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ATI Radeon Mobility X1600 - First Look

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It might seem odd but we’re actually bringing you a first look preview of ATI’s mobile X1600 part before our review of its desktop counterpart. It’s not as if desktop X1600 cards don’t exist – they do and we’ve got one and we’ve got a full set of benchmark results from it. It’s just that as you can’t buy it and we’re not sure how much it’s going to cost we thought we’d hold on until we knew it was going to actually appear. However, we’re fairly confident that as you read this, Asus will have a notebook available featuring the Mobility Radeon X1600 available to buy, at least on its global web site.

We briefly had a pre-production version of this notebook in our Labs, so we’re bringing you a short taster of what you can expect from ATI’s new mid-range graphics chip. The primary aim is to see how the chip performs compared to nVidia’s GeForce Go 6600, which we’ve looked at in a couple of notebooks.

Before we talk about the notebook, a bit of background on the mobile chip itself. The Mobility X1600 is designed to replace ATI’s X700 part in its ‘Performance thin’ category. This is one step away from all out top-of-the range mobile graphics performance chips and is designed to combine performance with power savings for increased mobility and battery life.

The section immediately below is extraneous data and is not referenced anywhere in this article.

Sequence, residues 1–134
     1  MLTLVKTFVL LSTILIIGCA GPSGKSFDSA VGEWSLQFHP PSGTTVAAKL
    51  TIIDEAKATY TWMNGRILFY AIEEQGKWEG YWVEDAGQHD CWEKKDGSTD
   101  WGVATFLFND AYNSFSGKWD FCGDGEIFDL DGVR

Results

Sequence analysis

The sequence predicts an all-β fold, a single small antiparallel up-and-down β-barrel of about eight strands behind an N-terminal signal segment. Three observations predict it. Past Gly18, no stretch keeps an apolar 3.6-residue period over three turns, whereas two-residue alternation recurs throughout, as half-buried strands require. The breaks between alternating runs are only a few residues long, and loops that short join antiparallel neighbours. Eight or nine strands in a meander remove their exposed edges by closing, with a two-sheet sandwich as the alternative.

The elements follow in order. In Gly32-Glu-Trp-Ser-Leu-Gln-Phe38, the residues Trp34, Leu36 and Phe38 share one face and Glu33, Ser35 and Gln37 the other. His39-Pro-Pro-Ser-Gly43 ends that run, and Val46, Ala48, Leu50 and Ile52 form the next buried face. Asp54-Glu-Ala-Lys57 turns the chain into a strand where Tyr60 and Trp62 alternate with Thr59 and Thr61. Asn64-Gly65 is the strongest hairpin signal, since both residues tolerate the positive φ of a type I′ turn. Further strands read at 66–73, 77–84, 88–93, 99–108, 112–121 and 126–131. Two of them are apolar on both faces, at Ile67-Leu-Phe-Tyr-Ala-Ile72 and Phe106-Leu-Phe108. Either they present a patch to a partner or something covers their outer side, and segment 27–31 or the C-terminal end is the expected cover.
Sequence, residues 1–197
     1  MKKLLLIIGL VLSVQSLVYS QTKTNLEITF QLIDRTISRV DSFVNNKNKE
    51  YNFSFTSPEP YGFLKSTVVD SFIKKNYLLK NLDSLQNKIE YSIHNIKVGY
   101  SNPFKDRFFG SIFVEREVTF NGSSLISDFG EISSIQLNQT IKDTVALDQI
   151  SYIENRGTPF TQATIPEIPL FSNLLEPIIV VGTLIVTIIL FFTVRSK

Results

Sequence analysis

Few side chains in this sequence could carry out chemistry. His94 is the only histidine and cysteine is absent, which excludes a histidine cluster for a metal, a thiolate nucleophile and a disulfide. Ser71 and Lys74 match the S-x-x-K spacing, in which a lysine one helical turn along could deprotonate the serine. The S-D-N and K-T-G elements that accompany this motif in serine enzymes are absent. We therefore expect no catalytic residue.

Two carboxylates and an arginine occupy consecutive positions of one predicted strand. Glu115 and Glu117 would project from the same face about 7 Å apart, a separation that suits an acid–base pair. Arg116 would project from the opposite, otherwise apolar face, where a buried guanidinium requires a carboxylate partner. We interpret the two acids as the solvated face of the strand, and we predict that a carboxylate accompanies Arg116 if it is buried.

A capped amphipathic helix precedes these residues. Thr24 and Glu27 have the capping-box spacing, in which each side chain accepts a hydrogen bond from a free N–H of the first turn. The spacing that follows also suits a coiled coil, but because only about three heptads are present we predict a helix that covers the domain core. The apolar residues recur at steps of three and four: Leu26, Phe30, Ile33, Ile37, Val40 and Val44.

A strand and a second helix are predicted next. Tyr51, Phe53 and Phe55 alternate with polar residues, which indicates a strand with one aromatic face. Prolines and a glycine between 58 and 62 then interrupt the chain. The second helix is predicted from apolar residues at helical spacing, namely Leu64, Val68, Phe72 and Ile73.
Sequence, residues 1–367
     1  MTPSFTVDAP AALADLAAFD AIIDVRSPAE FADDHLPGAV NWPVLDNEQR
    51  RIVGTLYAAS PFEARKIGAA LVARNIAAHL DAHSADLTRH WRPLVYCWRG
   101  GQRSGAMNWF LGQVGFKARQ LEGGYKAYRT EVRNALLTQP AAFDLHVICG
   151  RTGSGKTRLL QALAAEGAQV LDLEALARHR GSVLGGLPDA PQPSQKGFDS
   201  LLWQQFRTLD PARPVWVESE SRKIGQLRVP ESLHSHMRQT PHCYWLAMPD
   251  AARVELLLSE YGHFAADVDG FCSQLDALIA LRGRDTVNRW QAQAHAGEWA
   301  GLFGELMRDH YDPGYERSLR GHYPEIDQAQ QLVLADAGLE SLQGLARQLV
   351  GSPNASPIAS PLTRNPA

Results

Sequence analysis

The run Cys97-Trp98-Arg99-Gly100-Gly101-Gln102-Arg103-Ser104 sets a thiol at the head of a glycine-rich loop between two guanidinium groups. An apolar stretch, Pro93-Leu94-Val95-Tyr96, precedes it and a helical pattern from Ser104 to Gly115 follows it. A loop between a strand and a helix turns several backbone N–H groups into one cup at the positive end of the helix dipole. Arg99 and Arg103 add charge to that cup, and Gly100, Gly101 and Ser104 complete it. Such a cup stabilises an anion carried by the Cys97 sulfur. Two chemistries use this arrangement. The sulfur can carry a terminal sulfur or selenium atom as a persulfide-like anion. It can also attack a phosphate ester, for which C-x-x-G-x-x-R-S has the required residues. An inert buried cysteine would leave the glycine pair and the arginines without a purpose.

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As with ATI’s new desktop parts, the chip is built using TSMC 90nm micron process. This enables it to feature a hefty 157 million transistors, crammed into a small die size, which reduces cost. As with the desktop part, it sports 12 pixel pipelines, and five Vertex Pipes. The core clock is 470MHz, while the 128MB of memory also runs at 470MHz.

There’s a lot of cutting edge technology employed in the making of the chip, such as copper interconnects, use of which lessens the electrical resistance of the tightly packed transistors, and low-k dielectric, to reduce leakage between them. A technology called Back bias is also employed to greatly reduce leakage by increasing the voltage necessary for switching transistors on and off. Using this technique delays transistor response time, which reduces potential clock speeds, so it’s only used when maximum power saving is required. The marketing name for this is ‘PowerPlay’.
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ATI has also implemented something called Dynamic Voltage Control, which can dynamically adjust voltage to deliver either performance or extended battery life, similar to Intel’s SpeedStep’ for CPUs. ATI’s tech is called ‘Power-on-Demand’.

We didn’t have time to see how the power saving features affect the battery life, but we’ll do so when we get the final production notebook in from Asus.

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